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State Comptroller H. Carl McCall has thrown his hat into the governor's race a bit early, he says, because he needs to raise a significant amount of cash.

Although fund-raising is a legitimate enough reason in this era of expensive and protracted campaigns, McCall has to be cautious in the manner in which he continues to handle the office he's been charged to run. He has to draw a clear line between McCall the comptroller and McCall the candidate.

The office of the comptroller traditionally serves as an independent fiscal watchdog. That tradition has included a high degree of professionalism, and nonpartisan review of financial matters.

McCall's candidacy, declared 21 months before the election, threatens that tradition. While he may very well be able to maintain objectivity in his duties, his candidacy means he must officially review the fiscal performance of the man he hopes to defeat.

It's imperative that the comptroller avoid partisan rhetoric when evaluating the governor's budget proposals, both this year and next. Unfortunately, there's now going to be a perception that any criticism coming out of the state comptroller's office is politically motivated.

McCall recently criticized the governor's proposed state budget, particularly his spending plan for New York State's schools. And while this criticism may be no different than any McCall has lodged against some of the governor's past proposals, it resonates politically now more than ever.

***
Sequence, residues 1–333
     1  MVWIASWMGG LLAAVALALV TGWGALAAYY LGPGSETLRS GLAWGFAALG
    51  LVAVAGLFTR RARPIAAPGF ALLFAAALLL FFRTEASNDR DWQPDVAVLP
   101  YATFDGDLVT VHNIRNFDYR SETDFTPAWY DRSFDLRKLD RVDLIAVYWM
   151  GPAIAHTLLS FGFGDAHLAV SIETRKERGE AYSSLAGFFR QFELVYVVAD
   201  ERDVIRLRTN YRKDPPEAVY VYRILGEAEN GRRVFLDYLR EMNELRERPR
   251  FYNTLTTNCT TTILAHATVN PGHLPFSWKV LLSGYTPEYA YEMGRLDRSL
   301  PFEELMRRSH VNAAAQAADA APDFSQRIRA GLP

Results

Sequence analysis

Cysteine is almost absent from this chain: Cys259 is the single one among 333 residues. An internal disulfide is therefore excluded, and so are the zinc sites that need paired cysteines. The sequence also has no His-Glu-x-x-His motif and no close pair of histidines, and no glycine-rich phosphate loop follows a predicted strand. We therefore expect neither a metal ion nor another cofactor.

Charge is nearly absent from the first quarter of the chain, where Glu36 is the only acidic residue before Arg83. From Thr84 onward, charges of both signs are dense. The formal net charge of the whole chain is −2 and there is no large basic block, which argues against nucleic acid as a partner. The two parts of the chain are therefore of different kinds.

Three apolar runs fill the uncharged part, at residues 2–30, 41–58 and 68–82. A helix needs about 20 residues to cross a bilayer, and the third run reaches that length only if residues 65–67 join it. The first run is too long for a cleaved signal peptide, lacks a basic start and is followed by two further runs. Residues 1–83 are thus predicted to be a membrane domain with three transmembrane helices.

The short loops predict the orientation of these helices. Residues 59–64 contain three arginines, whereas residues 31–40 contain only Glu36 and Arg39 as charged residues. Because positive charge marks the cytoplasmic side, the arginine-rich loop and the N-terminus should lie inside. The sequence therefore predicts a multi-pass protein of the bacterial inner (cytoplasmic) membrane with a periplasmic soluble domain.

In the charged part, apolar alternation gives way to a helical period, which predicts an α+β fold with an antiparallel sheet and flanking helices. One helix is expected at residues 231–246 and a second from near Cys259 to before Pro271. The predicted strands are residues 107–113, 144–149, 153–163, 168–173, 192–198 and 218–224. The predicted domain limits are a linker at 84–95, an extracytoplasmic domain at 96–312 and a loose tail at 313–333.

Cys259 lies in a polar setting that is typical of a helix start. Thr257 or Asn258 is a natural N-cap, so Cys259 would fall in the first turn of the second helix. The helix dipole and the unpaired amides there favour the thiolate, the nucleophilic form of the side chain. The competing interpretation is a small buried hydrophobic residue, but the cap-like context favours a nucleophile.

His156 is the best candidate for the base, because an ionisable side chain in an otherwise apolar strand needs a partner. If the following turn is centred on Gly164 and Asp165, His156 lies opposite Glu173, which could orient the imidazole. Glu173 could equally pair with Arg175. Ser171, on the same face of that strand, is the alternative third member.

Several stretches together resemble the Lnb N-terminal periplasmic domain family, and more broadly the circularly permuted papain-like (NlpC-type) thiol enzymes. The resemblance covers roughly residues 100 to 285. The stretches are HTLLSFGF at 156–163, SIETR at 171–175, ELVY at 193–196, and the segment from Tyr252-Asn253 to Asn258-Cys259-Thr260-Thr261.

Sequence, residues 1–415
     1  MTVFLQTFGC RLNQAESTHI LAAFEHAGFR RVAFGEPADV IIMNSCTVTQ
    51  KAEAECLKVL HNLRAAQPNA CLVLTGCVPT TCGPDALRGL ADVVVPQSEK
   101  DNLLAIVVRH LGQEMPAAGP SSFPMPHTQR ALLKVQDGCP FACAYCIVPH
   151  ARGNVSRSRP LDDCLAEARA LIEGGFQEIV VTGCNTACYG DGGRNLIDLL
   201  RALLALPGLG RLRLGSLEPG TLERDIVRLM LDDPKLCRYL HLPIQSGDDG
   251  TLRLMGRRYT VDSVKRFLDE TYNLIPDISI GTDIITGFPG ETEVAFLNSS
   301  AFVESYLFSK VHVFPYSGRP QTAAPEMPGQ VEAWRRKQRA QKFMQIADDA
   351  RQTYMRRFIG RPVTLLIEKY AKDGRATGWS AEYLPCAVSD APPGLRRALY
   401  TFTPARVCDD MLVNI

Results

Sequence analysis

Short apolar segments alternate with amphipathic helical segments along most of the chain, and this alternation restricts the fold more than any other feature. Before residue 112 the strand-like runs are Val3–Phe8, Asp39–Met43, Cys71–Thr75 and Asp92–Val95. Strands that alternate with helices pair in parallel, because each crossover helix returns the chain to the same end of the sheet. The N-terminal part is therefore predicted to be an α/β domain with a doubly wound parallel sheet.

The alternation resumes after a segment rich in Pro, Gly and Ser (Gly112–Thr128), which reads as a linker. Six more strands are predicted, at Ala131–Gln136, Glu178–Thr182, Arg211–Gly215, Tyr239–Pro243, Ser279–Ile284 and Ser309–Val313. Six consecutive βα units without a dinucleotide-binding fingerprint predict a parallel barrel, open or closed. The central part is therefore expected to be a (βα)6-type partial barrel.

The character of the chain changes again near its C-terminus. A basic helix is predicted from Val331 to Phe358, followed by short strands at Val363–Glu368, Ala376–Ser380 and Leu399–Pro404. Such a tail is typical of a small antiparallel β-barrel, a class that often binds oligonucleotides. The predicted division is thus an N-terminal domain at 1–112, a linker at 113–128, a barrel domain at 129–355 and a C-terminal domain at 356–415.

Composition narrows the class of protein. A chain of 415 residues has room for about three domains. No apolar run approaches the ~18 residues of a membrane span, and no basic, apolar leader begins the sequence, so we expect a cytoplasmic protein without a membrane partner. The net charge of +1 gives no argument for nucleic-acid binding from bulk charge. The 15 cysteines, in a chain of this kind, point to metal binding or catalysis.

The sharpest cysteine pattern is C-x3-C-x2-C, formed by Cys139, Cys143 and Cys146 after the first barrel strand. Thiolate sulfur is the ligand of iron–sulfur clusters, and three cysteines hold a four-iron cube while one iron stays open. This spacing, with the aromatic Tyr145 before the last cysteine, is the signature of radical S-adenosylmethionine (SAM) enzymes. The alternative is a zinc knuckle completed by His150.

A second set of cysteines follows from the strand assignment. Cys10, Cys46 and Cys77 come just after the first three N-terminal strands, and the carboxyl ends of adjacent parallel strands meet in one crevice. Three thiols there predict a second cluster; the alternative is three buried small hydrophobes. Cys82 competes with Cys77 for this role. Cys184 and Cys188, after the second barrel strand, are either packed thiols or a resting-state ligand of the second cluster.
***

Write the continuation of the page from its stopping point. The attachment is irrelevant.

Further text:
To counter such perceptions, McCall could consider setting up a fire wall between himself and the office, perhaps by appointing an intermediary on sensitive issues that deal more with budget policy than budget performance. Or he may simply find ways to more clearly separate his official duties from his political proclamations, in both tone and style.

The comptroller's office is staffed by about 2,000 people, civil servants and a small number of appointees who work in policy positions. Most of those who run the accounting, payroll and retirement systems are career employees who work in the office no matter who's in charge. They are the ones who get the bills paid, keep the books going, get the checks out to retirees.

Audit reports, however, are completed by policy staff and include commentary on what are perceived as positive and negative steps. Comptrollers routinely do not see such reports until they have been completed, but McCall's candidacy mandates extreme care in handling criticisms and keeping them professional instead of political.

The comptroller is a strong candidate, with considerable early backing for both the Democratic primary election and his possible eventual run for governor. He deserves a chance to develop his political platform and present his own plans for New York, but he must also ensure that the important job he already has been given is done properly and well.

How he balances the competing demands he faces as candidate and comptroller will give New Yorkers yet another measure of the man, and at present that offers as much opportunity as it does conflict. McCall's candidacy shouldn't founder on mere perceptions, when issues are so important. The challenge is his to meet.

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